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After graduating from Drake University and looking to supplement her income as a substitute teacher, Amelia Gibson found a part-time job as a Youth Development Professional with the Boys and Girls Club of Central Iowa. Amelia had planned on teaching middle or high school history, so after leaving the club for another position, she didn’t think she'd return.
Like many entering the workforce full-time for the first time, Amelia was still developing her interests and gifting and worked several jobs over the course of seven years. Amelia would leave and return twice to the Boys and Girls Club, and through each transition, God began to grow her heart for what she considers the modern-day equivalent of widows and orphans.
“Our single moms are basically the reflection of what widows used to be,” Amelia said. Most of the single moms they serve are supporting a family on an annual salary of $22,000 or less. “A lot of my kids are in foster care, which I’m super thankful for in some ways, but in other ways, they are still orphans. When I stopped working with those families, I missed playing a part in that.”
Though she had a passion for working with youth and even coaching, she learned that her actions had to be driven by a real set of values and doing good works was simply a response to God’s Word.
“I had to learn that as much as I thought I was serving God and growing the kingdom of God and loving people through my actions, at the end of day, if they didn’t know that God was part of it, I was going to fail no matter what,” Amelia said. “I could work 60 hours a week, a kid could have groceries for the weekend, but at the end of the day, there’s no saving that I could do beyond that point. Having to let go of that and think to myself, I either stay here and keep trying to change all these kids’ lives on my own, or I let go of that and understand that God is sovereign, and He loves these families just as much as I do.”
Conversations about church, God, and even the gospel can arise with no prompting, and Amelia can dialogue and ask questions of her students when they bring things up or have questions themselves.
“I have kids ask me why I don’t cuss or do certain things, and I can say it’s because I represent Christ,” Amelia said. “When I have a kid who’s crying because their parents are getting divorced, and they walk in every morning and just want to give me a hug and talk about it, we can dialogue about those things and about God being faithful.”
When I have a kid who’s crying because their parents are getting divorced, and they walk in every morning and just want to give me a hug and talk about it, we can dialogue about those things and about God being faithful.
With a connection to various forms of community involvement, Amelia also has the benefit of sharing Walnut Creek events with families she serves, giving her opportunities for conversation outside of the program.
“A lot of my kids participate in City Lights Sports, and I can go to those games and sit with families and talk with them about God. It’s not awkward or weird because they already know that I care about them, and I care about their kids,” Amelia said.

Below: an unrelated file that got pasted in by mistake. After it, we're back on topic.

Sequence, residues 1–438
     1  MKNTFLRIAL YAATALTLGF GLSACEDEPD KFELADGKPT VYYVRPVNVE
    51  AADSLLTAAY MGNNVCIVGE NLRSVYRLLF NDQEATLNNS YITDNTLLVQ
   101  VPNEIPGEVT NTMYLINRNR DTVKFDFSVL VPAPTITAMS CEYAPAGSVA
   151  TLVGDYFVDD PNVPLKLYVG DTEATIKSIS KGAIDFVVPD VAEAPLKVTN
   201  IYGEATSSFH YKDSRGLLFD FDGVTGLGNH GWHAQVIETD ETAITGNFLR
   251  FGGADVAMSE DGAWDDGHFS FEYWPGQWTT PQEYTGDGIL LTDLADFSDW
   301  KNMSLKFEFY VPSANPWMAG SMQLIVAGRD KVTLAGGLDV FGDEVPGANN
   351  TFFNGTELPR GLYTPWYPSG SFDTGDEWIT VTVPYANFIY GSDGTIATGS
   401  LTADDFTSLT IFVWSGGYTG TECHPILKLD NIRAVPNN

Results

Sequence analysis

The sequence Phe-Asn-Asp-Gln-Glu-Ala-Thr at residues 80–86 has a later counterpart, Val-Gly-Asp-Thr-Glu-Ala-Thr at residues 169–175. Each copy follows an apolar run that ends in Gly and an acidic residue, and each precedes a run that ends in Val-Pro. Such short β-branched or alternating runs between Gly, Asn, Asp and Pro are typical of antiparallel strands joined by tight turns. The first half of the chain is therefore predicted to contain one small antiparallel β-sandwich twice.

As part of a Christmas tradition, Amelia’s Community Group adopts and provides gifts and basic needs items for families involved in her program. Other friends have volunteered at the organization by serving meals or at events like trunk-or-treat.
“It’s so cool because, yes, it’s meeting the need of volunteering to give back to these kids, but I get to share with the people I’m in fellowship with how my days are, what is important in my life, and why it’s important," Amelia said. "Often times, we miss talking about work with our friends beyond if it’s good or bad, instead of talking about sweet opportunities that God gave you.”
Often times, we miss talking about work with our friends beyond if it’s good or bad, instead of talking about sweet opportunities that God gave you.
As part of her current role, Amelia hires, trains, and coaches staff at her site, giving her the chance to instill the same value of caring for others. “I want my staff to function as a family,” Amelia said. “If we’re for one another, then we’re for the kids. I’ve expressed to them that I want the kids to know that I’m for them because Christ is for them.”
Though some of her coworkers are believers, Amelia says her ability to stay motivated and passionate has to come first from Scripture.
“I work for a place where I can use my passions and what God’s put on my heart. It’s also a place that challenges me to go back to the Word of God because I have to or else I’m a monster. If I’m going to accurately reflect the gospel or the Bible, I need to be in it,” Amelia said.
Looking back on her fragmented career, Amelia identifies with the twentysomethings trying to find a job, faithfully serve God, and obey His commands.
“I keep coming back for a reason. I am here until God decides to use me other places. I don’t want to be in a position where I quit something just because it’s hard. It’s worth it to figure out what God would have for you,” Amelia said. “He can use you where He’s put you, and that’s the point, but you have to be willing to go where He wants you to go.”